photo by jim veneman
The TruthQuest team visited Adelphia Coliseum, home of the NFLs
Tennessee Titans, before heading off on their big adventure. Pictured: front
row, (l-r), Shanna Hawkins, Tim Harms and Josh Merritt; middle row, (l-r), Cara
Yates, Richard Sparkman, Sarah Brown and Janie Jo Allen; back row, (l-r), David
Hicks, Katie Royals, Andy Botts, Freeman Field and Chip Luter. Visit www.truthquest.sbc.net or
BY MEREDITH DAY AND ROZ SINGER
Tim Harms is a member of the postmodern generation. The 14-year-old from
Franklin, Tennessee, qualifies simply because of his age. But he is different
from many of his postmodern peers. While the majority believes there is no
absolute truth, Tim has found truth in a relationship with Christ and is
seeking to share Him with our postmodern culture. But his ministry has a twist:
hes surfing, rock climbing and witnessing at a coffeehouse, among other
In July, Harms joined 11 other postmodern Christian teens in TruthQuest:
California, a two week journey through various unconventional ministries in
California. The teens, which represent eight states and nine Southern Baptist
churches, traveled in a bus while their days were caught on tape by the crew
that accompanied them. Beginning in October, FamilyNet Television will air the
journey in 13 half-hour installments.
But Tim Harms is not concerned with ratings or fame.
Im not going into it as a TV show. I see it as an effective ministry.
The ministry is what sets Truth Quest apart from its reality TV
counterparts. Todd Starnes, assistant editor of Baptist Press, developed the
idea for TruthQuest after watching the MTV reality series, Road Rules.
I noticed they were using faith concepts, talking about trust and team work,
and I thought, Wouldnt it be cool if we could do a show like this from a
Christian perspective? Todd says.
The journey, co-sponsored by Lifeway Christian Resources and World Changers,
a ministry of the North American Mission Board, gives viewers a chance to see
what happens when truth meets culture. The TruthQuesters have two audiences:
those with whom they share the gospel and those of us at home, watching and
learning from their experiences sharing with a postmodern world.
How did they share?Richard Sparkman believes
effective evangelism begins with a gentle approach and a relationship.
People dont respond well to being yelled at. You have to treat them like
theyre your friend, says Richard, a 14-year-old TruthQuester and Tim Harms
classmate. Richard accepted Christ two years ago after Harms invited him to a
Billy Graham Crusade in their hometown. Now, they are sharing the gospel
together through TruthQuest and agree that postmoderns are best reached with a
natural, relational evangelistic approach.
Although the TruthQuesters were limited by the time restraints of their
trip, they showed their willingness to form relationships by stepping out of
their comfort zones to meet people where they are, whether it be passing out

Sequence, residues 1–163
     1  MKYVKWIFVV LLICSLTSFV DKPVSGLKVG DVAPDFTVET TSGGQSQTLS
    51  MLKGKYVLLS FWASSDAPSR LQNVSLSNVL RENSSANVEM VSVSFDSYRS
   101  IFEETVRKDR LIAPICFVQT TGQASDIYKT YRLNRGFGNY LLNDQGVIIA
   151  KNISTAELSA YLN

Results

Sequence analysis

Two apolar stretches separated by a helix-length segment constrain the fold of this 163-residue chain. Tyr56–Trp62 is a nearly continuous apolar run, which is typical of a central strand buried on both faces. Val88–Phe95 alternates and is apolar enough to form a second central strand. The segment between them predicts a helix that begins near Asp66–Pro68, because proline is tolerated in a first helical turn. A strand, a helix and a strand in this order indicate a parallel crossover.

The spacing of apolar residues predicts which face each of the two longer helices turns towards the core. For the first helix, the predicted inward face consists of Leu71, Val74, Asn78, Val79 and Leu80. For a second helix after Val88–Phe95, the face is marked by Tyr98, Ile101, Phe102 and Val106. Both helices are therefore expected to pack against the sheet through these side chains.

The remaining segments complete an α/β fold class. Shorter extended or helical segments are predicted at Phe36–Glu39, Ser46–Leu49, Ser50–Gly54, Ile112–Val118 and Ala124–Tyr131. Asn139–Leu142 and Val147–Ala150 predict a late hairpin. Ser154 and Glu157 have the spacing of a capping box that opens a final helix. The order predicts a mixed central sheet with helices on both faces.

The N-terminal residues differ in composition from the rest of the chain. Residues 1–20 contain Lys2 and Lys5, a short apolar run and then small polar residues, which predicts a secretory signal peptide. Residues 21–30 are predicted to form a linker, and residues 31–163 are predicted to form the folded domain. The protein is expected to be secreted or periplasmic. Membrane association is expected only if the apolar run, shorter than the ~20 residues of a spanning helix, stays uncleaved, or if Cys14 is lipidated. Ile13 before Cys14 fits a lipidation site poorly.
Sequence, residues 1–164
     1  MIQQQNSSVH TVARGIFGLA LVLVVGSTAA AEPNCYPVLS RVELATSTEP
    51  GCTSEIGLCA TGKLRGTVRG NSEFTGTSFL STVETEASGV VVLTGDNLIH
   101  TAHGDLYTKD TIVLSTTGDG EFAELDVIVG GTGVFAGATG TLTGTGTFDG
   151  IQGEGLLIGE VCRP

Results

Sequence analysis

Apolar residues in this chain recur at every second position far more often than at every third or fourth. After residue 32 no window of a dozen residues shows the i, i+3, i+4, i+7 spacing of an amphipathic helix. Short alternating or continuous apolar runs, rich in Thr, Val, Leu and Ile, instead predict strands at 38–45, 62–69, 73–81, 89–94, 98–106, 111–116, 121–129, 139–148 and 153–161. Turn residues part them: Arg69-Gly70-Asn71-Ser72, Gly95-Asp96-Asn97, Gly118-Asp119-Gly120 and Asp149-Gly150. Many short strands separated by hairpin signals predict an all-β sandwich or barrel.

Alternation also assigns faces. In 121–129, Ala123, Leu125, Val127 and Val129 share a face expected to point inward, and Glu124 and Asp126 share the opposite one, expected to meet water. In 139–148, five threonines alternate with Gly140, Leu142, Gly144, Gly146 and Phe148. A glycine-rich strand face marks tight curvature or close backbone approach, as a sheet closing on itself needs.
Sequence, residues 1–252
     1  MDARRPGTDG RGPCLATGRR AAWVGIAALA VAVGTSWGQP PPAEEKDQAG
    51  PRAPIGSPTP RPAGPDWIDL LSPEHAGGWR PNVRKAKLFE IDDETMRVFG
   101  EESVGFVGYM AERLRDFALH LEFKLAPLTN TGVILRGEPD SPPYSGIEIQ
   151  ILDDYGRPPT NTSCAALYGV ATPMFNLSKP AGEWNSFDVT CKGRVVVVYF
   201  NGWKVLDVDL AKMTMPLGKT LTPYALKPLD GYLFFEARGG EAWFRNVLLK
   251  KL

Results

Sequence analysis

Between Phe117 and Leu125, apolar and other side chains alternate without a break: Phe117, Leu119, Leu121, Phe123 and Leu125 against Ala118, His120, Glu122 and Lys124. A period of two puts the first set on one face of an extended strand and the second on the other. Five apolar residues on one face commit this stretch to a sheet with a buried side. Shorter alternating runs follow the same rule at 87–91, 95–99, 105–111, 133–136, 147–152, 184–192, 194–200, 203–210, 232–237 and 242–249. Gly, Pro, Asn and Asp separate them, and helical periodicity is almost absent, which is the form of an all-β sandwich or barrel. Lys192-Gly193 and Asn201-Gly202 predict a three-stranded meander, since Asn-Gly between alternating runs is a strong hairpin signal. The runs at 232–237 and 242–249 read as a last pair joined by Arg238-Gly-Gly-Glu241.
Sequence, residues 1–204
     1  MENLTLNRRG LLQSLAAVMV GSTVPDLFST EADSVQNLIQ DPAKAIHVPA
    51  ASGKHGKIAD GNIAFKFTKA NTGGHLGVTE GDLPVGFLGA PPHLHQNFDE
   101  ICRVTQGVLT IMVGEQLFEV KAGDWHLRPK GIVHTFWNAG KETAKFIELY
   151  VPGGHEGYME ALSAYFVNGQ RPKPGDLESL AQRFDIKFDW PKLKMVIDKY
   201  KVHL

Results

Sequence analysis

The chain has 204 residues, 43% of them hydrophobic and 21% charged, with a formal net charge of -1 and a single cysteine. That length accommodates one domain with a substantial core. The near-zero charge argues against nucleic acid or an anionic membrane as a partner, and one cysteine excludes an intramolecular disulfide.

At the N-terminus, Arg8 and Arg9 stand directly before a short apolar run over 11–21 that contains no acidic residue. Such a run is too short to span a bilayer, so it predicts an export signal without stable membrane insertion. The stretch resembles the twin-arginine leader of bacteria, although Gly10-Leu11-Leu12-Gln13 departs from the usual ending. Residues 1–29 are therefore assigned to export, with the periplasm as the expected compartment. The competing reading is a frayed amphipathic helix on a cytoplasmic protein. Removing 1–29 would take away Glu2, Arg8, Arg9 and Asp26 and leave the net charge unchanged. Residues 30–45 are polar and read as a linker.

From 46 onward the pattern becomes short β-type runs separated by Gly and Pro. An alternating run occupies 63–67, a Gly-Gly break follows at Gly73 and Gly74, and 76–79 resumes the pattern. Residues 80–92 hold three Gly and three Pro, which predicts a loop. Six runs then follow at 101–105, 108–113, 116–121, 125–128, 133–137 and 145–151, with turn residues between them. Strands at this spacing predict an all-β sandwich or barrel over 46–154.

water and gift bags to hikers and employees at Yosemite National Park or
helping at a coffeehouse run by the Page Street Baptist Community Center in San
Along with a relational approach, postmoderns are looking for authenticity.
Chip Luter, an 18-year-old TruthQuester from New Orleans, says a Christians
lifestyle is the most important witnessing tool. When people notice a real
difference in a Christians words and actions, they begin to wonder what causes
Tim Harms says an effective, authentic ministry involves showing Gods love
in practical ways. Our culture is totally based around pleasing ourselves. When
a lost person sees me doing the complete opposite of that, it raises questions
in their mind, which gives me a perfect opportunity to freely share my faith,
As a result of this kind of ministry, people gave their lives to Christ when
the TruthQuesters passed out cold water to vacationers surfing and
rollerblading on San Diegos beaches and boardwalks. As the teens ministered by
passing out free refreshments, they were able to answer the question, Why are
you doing this? with an explanation of Christs love.
What can we learn by watching?TruthQuest gives
Christians the advantage of watching effective postmodern evangelism take place
right in front of us. Through viewing the TruthQuesters experiences, we can
learn effective ways to be on mission to postmoderns. But the TruthQuest teens
are more than just guinea pigs sent to measure what works and what doesnt. They
are examples of postmodern Christians seeking to relationally and authentically
share the Absolute Truth they know. Some things we can learn from them:
Relational and authentic ministry is often personality-driven. Sharing the
gospel with postmoderns can involve shared interests.
Remember that you are different. Postmoderns are looking for a difference
that is real and meaningful in a Christians life.
Be prepared for polite rejections. Postmoderns have heard it all when it
comes to spirituality and have often made up their minds before you start
talking about Christ. But they are continually searching for truth, and the
seed you plant may grow into a personal relationship with the Truth.
Meredith Day and Roz Singer are editorial interns for NAMB.
A Southern Baptist Convention entity supported by the Cooperative Program and theAnnie Armstrong Easter Offering® ©Copyright 2013 North American Mission Board, SBC